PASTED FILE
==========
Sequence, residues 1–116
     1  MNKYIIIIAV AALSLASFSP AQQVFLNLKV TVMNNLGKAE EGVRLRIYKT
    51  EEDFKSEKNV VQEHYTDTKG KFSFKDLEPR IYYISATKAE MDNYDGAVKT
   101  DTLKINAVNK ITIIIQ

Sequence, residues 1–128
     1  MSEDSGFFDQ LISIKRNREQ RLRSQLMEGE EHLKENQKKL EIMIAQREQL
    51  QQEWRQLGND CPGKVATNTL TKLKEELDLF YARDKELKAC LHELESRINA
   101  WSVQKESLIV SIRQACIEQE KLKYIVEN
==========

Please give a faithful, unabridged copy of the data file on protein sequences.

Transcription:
Sequence, residues 1–116
     1  MNKYIIIIAV AALSLASFSP AQQVFLNLKV TVMNNLGKAE EGVRLRIYKT
    51  EEDFKSEKNV VQEHYTDTKG KFSFKDLEPR IYYISATKAE MDNYDGAVKT
   101  DTLKINAVNK ITIIIQ

Sequence, residues 1–128
     1  MSEDSGFFDQ LISIKRNREQ RLRSQLMEGE EHLKENQKKL EIMIAQREQL
    51  QQEWRQLGND CPGKVATNTL TKLKEELDLF YARDKELKAC LHELESRINA
   101  WSVQKESLIV SIRQACIEQE KLKYIVEN